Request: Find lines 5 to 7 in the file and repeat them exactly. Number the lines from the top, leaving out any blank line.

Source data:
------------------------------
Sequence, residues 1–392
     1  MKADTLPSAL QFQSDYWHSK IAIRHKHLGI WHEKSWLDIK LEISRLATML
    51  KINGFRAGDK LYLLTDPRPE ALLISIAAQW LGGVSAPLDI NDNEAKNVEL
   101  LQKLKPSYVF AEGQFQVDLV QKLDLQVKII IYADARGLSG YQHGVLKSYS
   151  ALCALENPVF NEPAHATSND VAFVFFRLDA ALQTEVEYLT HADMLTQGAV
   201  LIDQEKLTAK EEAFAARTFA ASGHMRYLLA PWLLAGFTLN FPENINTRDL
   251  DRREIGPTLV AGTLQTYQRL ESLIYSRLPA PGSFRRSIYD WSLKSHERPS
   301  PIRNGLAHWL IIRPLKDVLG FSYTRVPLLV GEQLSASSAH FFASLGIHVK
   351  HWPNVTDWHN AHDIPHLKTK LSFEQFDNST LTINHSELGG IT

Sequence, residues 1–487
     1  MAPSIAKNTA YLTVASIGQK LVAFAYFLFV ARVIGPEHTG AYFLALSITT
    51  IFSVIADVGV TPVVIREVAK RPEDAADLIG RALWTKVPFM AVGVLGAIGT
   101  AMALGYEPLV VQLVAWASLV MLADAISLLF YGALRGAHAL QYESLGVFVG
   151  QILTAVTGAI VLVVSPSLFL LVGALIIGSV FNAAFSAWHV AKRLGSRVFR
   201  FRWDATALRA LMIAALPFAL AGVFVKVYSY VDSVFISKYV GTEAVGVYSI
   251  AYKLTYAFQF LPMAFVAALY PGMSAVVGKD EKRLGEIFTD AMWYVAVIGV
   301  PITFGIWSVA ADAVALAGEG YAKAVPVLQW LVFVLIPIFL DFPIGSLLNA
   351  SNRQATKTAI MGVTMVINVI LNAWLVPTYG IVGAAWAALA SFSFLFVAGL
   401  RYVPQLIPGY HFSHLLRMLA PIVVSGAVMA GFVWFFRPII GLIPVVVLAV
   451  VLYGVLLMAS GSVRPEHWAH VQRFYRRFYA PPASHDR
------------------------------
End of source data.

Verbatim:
   151  ALCALENPVF NEPAHATSND VAFVFFRLDA ALQTEVEYLT HADMLTQGAV
   201  LIDQEKLTAK EEAFAARTFA ASGHMRYLLA PWLLAGFTLN FPENINTRDL
   251  DRREIGPTLV AGTLQTYQRL ESLIYSRLPA PGSFRRSIYD WSLKSHERPS